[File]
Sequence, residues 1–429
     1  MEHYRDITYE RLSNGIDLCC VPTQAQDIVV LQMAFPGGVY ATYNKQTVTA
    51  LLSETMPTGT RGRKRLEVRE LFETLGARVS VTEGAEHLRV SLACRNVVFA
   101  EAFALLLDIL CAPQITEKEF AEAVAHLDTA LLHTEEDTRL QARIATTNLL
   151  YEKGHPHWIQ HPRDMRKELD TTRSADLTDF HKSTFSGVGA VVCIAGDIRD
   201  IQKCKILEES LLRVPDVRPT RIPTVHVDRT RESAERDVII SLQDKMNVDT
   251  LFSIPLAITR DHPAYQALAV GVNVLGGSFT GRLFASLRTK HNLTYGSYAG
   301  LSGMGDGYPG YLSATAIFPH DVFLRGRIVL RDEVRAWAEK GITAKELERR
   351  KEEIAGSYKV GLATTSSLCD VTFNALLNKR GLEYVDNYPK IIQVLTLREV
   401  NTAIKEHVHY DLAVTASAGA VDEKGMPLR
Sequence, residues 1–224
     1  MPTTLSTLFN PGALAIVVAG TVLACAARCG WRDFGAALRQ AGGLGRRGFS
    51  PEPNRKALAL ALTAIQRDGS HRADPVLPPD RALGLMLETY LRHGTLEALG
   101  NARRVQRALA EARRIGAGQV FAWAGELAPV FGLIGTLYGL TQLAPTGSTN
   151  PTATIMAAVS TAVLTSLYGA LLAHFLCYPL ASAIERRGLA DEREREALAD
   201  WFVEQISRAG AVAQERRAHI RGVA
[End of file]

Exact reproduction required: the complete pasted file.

Sequence, residues 1–429
     1  MEHYRDITYE RLSNGIDLCC VPTQAQDIVV LQMAFPGGVY ATYNKQTVTA
    51  LLSETMPTGT RGRKRLEVRE LFETLGARVS VTEGAEHLRV SLACRNVVFA
   101  EAFALLLDIL CAPQITEKEF AEAVAHLDTA LLHTEEDTRL QARIATTNLL
   151  YEKGHPHWIQ HPRDMRKELD TTRSADLTDF HKSTFSGVGA VVCIAGDIRD
   201  IQKCKILEES LLRVPDVRPT RIPTVHVDRT RESAERDVII SLQDKMNVDT
   251  LFSIPLAITR DHPAYQALAV GVNVLGGSFT GRLFASLRTK HNLTYGSYAG
   301  LSGMGDGYPG YLSATAIFPH DVFLRGRIVL RDEVRAWAEK GITAKELERR
   351  KEEIAGSYKV GLATTSSLCD VTFNALLNKR GLEYVDNYPK IIQVLTLREV
   401  NTAIKEHVHY DLAVTASAGA VDEKGMPLR
Sequence, residues 1–224
     1  MPTTLSTLFN PGALAIVVAG TVLACAARCG WRDFGAALRQ AGGLGRRGFS
    51  PEPNRKALAL ALTAIQRDGS HRADPVLPPD RALGLMLETY LRHGTLEALG
   101  NARRVQRALA EARRIGAGQV FAWAGELAPV FGLIGTLYGL TQLAPTGSTN
   151  PTATIMAAVS TAVLTSLYGA LLAHFLCYPL ASAIERRGLA DEREREALAD
   201  WFVEQISRAG AVAQERRAHI RGVA